johnny dyani, don cherry, & okay temiz, live on french tv (1971)

MBIZO DAY – today, Wednesday 30th November

The Pan African Space Station (PASS) will host a 24 hour live broadcast of music written and/or performed by healer, musician, composer and painter Johnny Mbizo Dyani (30 November 1945 – 24 October 1986), as well as rare interviews with the artist and comments by people who knew and worked with him.

TUNE IN HERE from 12:00 midday (GMT+2) today, Wednesday 30 November till midday on Thursday 1 December.

This listening session is in celebration of Mbizo’s life work and in commemoration of 30 years of his passing.

During his short life, Mbizo helped to establish the Blue Notes, a group he co-founded with Chris McGregor, Louis Moholo, Mongezi Feza, Dudu Pukwana and Nic Moyake, as the one of the most innovative and powerful forces in jazz. Or more precisely, what he called the SKANGA (a family of black creative musics). Mbizo was a highly sought-after bass player and vocalist who performed with some of the music’s most important figures, including Don Cherry, Abdullah Ibrahim, David Murray, Mal Waldron, Famoudou Don Moye, Khan Jamal and many more. He recorded over 70 albums.

In addition to Chimurenga people, selectors and speakers include Keorapetse Kgositsile, Lefifi Tladi, Marcus Wyatt/Blue Notes Tribute Orkestra, Louis Moholo, Lesego Rampolokeng, Ikapa Jazz Movement, Tete Mbambisa, Maakomele Manaka, DJ Mighty, Tumi Mogorosi, Dala Flat, and many more.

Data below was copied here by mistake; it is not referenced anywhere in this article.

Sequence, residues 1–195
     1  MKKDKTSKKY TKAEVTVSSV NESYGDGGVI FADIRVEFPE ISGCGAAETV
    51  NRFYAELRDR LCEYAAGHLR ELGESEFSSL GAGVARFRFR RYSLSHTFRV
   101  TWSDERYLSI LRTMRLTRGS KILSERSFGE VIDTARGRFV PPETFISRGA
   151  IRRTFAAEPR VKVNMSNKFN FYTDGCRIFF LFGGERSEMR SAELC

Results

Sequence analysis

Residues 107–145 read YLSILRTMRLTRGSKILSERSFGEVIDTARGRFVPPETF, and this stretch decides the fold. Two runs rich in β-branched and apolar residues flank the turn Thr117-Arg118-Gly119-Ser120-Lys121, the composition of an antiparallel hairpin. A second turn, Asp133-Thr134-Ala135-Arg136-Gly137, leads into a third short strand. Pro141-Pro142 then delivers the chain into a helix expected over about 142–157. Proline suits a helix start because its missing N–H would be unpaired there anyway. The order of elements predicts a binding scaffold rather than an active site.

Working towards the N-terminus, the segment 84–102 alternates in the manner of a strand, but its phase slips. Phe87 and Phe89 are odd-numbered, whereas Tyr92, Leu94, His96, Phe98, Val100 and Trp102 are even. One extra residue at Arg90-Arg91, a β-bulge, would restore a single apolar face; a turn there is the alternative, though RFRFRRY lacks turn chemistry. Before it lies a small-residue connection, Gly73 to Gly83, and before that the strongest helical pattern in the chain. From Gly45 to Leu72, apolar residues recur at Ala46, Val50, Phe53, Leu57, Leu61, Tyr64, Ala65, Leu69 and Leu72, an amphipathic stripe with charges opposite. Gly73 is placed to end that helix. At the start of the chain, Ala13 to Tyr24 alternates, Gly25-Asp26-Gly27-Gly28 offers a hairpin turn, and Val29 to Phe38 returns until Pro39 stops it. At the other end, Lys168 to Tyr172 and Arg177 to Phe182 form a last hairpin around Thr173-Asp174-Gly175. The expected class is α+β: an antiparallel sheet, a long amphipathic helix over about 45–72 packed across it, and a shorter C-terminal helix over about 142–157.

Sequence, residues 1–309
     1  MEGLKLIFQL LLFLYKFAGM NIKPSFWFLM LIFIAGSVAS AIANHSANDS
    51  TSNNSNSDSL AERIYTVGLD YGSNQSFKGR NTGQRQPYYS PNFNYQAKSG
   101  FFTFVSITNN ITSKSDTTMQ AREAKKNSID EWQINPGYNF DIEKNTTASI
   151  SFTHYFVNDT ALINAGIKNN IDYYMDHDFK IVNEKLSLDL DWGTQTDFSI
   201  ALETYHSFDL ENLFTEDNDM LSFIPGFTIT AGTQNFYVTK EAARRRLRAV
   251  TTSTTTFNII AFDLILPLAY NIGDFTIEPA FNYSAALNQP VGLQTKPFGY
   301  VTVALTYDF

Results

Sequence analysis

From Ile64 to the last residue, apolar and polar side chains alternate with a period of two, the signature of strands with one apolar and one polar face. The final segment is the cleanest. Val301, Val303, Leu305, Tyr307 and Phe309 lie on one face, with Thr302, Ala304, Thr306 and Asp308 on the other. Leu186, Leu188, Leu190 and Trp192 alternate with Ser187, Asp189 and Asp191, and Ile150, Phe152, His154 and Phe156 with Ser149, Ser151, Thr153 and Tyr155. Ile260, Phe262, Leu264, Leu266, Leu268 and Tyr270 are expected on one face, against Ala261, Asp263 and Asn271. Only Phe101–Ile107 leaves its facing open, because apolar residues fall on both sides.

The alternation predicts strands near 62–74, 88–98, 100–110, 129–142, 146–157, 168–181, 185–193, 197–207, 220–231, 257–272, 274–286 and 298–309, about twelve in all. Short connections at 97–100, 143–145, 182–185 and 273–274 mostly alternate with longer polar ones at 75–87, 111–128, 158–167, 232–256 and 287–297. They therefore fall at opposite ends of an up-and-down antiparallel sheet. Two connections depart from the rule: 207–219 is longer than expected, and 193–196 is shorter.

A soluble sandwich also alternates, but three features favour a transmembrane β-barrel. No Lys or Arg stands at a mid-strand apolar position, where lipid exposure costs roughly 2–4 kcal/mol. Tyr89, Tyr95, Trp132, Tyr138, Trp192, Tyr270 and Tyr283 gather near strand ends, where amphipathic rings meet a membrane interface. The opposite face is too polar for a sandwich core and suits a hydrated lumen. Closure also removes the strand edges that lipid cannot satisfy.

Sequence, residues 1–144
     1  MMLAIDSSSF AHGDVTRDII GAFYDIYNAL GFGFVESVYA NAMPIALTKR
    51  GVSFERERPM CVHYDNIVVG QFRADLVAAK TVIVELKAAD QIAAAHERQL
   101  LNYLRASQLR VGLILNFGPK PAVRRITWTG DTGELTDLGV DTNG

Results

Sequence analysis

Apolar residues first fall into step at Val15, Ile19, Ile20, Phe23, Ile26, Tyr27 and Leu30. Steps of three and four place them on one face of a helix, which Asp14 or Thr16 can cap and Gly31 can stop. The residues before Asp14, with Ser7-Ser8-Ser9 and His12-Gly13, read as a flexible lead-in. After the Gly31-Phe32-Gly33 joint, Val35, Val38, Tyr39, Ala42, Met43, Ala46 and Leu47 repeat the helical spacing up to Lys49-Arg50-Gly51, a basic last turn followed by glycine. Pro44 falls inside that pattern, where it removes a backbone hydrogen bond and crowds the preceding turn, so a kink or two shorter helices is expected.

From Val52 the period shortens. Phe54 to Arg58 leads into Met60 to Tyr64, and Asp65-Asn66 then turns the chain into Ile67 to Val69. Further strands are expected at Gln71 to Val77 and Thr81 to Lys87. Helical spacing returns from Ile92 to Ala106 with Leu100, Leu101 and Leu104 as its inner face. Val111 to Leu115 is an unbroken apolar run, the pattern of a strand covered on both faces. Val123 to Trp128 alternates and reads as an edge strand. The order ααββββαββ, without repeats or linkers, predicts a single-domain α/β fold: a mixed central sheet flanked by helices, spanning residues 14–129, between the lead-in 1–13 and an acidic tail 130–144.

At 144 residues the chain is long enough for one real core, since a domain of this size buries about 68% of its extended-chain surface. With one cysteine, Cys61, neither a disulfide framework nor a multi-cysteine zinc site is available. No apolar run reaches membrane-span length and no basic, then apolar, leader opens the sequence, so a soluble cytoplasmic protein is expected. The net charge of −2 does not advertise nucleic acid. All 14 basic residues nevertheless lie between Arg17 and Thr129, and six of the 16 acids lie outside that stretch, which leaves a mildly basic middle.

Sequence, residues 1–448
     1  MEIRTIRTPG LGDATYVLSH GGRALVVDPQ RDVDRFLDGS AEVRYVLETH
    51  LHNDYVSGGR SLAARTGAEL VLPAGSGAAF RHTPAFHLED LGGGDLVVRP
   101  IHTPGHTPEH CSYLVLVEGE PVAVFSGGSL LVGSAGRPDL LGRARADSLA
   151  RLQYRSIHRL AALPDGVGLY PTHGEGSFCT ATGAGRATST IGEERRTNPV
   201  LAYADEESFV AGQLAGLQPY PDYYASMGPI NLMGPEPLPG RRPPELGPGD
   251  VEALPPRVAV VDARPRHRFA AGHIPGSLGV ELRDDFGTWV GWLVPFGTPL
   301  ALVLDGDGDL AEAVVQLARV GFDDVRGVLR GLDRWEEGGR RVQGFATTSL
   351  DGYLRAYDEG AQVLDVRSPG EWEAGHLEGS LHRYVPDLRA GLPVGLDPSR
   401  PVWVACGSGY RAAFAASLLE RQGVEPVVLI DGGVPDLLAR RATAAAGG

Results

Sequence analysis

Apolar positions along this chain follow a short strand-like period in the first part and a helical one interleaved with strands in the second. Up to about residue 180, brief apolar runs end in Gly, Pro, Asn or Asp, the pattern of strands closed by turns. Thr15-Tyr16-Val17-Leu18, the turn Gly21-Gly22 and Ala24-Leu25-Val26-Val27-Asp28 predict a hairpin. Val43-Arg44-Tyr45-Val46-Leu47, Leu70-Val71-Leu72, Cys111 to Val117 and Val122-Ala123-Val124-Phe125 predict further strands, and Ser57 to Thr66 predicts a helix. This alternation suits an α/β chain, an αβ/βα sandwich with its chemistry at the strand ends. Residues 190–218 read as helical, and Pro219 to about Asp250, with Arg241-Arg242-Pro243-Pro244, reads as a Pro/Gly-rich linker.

And check out this wonderful performance from July 1971, broadcast live on French television.

arthur russell – this is how we walk on the moon (1980-something)

This song is just the best. It has helped me to keep putting one foot in front of the other on really difficult days.

Another Thought was originally released in 1994, just two years after Arthur Russell’s death from AIDS in 1992. At that time the enigmatic downtown NYC cellist/composer’s work appeared to be in danger of fading into obscurity, with nearly all of his recorded material either hopelessly out-of-print or unreleased entirely…

… As most of his fans have doubtless noticed by now, Russell was an artist whose career defies easy synopsis. Formally trained as a cellist, his music seemed to effortlessly draw links between the outwardly incompatible vocabularies of No Wave/post-punk, space disco, and avant-garde modern composition. So it is probably for the best that Another Thought was never intended as greatest hits package or a comprehensive career overview. The collection was instead compiled by producer Don Christensen from the countless hours of unreleased tapes that Russell had recorded over the final decade of his life. Most of this material consists of eccentric, deceptively simple solo pop songs for voice and cello. And as suggested by the album’s cover photo– which depicts Russell nonchalantly sporting a newspaper pirate hat– there’s a boyish innocence and playful romanticism to many of these tracks, resulting in some of the warmest and most intimate performances of his career.

Read the rest of this review.